What do you do when the systems go down?

A family trip to Stirling a few weekends back led to a lunchtime visit to McDonald’s in the city centre.

But at the front door of the restaurant, a member of staff stopped us coming in any further and said ‘Sorry, we can’t do anything today all our systems are down’. So off we went to Debenham’s Cafè instead.

And on the way I got thinking about that response and what’s going on inside the business.

How can it be, that they can’t sell burgers and fries when the system goes down?

What system is it that’s down anyway? The grills and ovens? From what I saw before being pushed out the door they were in full flow. The lights, the power? All seemed to be working fine.

The member of staff didn’t help by providing any explanation but, let’s assume, based on previous trips to McDonald’s and knowledge of how their systems work, that what’s actually ‘gone down’ is not the ability to cook food but rather the automated process of making and fulfilling orders.

An inconvenience for sure, but is it really so mission critical that they could not take an order and cook a meal without it?

Perhaps it was the payment system, the tills. Is the process for ordering and taking my money so complex that they couldn’t have told me what the meal cost and taken cash?

How your business responds when the systems go down is a choice.

Unless it’s not a choice and by that I mean if you’ve trained your staff only to follow the system…if they don’t know anything else other than how to follow the instructions on the screen, then of course you’ve lost that choice and you would have to close.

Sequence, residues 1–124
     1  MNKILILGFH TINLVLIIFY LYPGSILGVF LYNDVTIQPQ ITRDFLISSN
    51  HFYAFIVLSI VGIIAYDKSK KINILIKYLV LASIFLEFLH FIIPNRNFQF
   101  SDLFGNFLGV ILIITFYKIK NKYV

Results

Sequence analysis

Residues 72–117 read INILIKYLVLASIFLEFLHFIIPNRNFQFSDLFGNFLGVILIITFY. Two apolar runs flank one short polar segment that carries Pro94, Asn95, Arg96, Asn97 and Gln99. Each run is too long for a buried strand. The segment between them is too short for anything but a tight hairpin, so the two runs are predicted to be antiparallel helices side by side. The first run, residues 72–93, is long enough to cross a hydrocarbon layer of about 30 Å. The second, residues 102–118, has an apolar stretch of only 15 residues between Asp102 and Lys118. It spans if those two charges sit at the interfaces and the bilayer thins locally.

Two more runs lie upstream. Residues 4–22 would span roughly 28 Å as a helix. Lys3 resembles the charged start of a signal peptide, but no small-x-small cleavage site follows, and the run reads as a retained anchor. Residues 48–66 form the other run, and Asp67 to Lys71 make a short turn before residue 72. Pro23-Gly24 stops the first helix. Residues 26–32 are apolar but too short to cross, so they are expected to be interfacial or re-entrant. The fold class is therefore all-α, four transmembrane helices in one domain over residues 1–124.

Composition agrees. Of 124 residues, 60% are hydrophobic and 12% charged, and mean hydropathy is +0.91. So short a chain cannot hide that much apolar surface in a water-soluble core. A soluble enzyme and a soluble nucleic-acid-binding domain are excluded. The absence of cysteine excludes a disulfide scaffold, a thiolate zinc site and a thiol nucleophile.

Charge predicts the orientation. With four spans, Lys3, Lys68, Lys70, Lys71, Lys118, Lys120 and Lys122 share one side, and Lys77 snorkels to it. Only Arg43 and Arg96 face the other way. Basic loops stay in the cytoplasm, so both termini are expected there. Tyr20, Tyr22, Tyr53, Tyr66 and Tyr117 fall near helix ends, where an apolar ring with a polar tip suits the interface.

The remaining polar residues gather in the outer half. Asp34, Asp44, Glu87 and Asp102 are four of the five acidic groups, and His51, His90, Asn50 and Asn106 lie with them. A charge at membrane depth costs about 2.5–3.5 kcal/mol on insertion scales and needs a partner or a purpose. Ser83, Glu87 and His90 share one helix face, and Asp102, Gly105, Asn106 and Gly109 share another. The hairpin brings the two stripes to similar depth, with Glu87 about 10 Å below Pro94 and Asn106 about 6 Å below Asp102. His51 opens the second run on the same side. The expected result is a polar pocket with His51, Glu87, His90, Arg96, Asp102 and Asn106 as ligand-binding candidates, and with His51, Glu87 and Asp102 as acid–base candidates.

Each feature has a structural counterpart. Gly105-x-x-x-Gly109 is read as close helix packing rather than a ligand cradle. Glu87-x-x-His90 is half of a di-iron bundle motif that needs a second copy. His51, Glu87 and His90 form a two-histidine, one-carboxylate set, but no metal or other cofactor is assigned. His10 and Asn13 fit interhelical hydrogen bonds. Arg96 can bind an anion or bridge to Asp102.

And if the system’s so important and the human beings aren’t…then surely you’re just one small step away from an entirely automated business with no human beings at all.

On that note, I experienced a recent British Airways flight where the system for taking payments for the trolley service went down. The cabin crew took cash and card payments, processed them by hand, physically wrote out receipts and even worked out the change and the Avios points IN THEIR HEADS. Amazing. But of course it shouldn’t be, really.

Train your staff well beyond the system. And if things go wrong and you do have to compromise your service delivery (or switch things off entirely) think about how you communicate that message to customers and the message it sends out.

That member of staff at McDonald’s in Stirling made no attempt to persuade us to come back later, or tomorrow. It was as though she didn’t care.

And you know what, I don’t think she did.

And I’m sure that’s not the message her bosses would have wanted her to send out.